I have never gotten the hang of Mexican food. There are vague memories of tacos and chimichangas in the school cafeteria, the occasional tostada at a Mexican restaurant with friends. There was that school trip to Mazatlán back in seventh grade, of which I remember only quesadillas at dinner, fajitas at some roadside stand (wrapped in handmade tortillas cooked on a vast griddle; there is a sketch somewhere in some long-lost journal), pickled pig's feet in Guadalajara, and strawberry daiquiris at Señor Frog's. (I have never had another daiquiri since that trip).
Other than those random and far-flung experiences, Mexican food remained a mystery to me, described in magazines and movies and books such as Like Water for Chocolate (a story for another time) but outside the realm of my own tastes, my own life. Much later, when I was in college, I would work for an artist who would take me out to lunch every now and then, usually to the Mexican place in a funky little mall near the museum. I never knew what to order, and now I can't remember what I did wind up ordering. It was good, but it was never anything I loved or had any great feeling for. Until now.
Occasionally J. would mention a place near the university where she went for Mexican food with her friends. We should try that sometime, I'd say, but it never happened. Until one day at work when we ordered massive amounts of burritos and chips and salsa and guacamole and sat around the huge round table in the kitchen, with bottles of beer and mojitos (it was Cinco de Mayo, if I remember correctly). I remember sitting down with my heavily-laden plate, my drink, cool and minty, and thinking, wow, this is really something. I will never love Mexican food the way I do, say, Italian or French or Japanese, something I eat almost weekly, that I cook at home or go out to nearby restaurants with friends and family.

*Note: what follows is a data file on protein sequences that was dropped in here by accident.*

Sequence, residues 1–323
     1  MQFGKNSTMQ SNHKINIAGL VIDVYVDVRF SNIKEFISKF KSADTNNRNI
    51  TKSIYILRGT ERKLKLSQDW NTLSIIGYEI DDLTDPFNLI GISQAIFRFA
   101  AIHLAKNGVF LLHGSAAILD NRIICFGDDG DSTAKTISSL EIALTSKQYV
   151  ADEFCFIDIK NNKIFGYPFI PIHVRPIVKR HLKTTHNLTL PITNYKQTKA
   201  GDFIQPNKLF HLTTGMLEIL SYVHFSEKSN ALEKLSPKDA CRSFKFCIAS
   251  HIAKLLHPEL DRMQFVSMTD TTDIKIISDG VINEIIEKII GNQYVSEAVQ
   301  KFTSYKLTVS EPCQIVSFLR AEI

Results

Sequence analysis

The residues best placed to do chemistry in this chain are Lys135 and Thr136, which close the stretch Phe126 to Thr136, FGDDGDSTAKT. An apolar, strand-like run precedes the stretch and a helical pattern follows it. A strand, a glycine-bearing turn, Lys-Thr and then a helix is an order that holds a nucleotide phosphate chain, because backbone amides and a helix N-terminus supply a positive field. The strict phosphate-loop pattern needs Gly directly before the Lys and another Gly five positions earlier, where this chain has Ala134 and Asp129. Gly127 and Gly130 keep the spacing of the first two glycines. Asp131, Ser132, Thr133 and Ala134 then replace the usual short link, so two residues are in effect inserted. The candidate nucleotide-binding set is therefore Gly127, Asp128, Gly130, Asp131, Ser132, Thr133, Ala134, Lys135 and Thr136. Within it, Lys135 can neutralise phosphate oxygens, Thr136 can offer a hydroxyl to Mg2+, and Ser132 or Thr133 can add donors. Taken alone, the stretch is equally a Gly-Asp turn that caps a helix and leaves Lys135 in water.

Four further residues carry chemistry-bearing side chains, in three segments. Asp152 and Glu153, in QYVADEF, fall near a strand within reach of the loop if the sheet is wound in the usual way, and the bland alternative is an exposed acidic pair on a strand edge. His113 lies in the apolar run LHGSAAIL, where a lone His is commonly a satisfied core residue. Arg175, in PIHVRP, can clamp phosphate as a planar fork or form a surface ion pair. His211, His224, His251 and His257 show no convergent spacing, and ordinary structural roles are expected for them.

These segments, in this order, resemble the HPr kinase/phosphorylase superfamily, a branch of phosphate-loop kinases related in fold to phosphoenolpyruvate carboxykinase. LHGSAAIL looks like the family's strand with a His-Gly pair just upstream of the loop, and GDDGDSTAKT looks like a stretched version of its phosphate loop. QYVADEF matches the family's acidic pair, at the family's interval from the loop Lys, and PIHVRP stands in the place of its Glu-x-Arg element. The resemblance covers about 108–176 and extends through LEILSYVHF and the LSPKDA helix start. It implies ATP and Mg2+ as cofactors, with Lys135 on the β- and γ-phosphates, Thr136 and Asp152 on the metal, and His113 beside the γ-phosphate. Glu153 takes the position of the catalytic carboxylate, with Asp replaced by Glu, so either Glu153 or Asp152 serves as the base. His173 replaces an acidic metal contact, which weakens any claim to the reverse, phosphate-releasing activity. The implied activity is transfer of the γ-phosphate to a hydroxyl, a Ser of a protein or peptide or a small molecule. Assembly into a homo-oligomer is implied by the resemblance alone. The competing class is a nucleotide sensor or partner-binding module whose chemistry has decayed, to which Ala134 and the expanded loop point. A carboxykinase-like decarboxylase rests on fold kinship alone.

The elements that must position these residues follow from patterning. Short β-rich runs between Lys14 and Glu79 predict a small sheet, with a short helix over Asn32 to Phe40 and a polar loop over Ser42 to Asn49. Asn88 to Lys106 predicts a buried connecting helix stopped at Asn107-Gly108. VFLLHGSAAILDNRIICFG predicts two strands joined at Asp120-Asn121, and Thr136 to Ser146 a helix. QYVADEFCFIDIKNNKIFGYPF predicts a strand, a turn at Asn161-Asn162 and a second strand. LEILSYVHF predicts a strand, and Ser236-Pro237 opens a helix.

But tonight I want Mexican food. We head to Cactus, down in the Madison park neighborhood near the water. Farther up the hill are some of my favorite restaurants, Rover's and Harvest Vine and Nishino; down here the vibe is even more casual. There is the diner we usually go to when Cactus is full - which it usually is - and a pub. A little farther down the block is an Italian place where I vaguely remember having lunch outside on the sidewalk, many years ago. But tonight is a weeknight, and it is early. Cactus is mostly empty, and for the first time we have our pick of tables instead of a long line and a forty-five minute wait.
We sit down, and a basket of tortilla chips arrives, with a bowl of salsa and another of guacamole. The chips are thinner and lighter than any I have seen before, crisp and weightless; the salsa is fresh and sweet with tomatoes and bright with chilies and the sharpness of onion, the guacamole chunky and rich and cool. A promise of more good things to come. There is grilled skirt steak, bright with lime and coriander, smoky with the red mole sauce, over garlicky mashed potatoes, piled high with spicy, finely sliced onion rings. It is not traditional in any sense of the word, but it is better than delicious, and the miseries of the day melt away and disappear.